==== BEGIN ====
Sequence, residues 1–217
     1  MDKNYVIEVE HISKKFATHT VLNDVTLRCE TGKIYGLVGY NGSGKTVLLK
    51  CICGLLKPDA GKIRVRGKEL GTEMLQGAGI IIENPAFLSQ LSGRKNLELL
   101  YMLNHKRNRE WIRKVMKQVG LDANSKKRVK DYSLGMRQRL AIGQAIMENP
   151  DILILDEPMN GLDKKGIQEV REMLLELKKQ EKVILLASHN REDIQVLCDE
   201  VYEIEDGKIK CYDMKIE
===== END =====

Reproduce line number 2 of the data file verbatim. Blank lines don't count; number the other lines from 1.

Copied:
     1  MDKNYVIEVE HISKKFATHT VLNDVTLRCE TGKIYGLVGY NGSGKTVLLK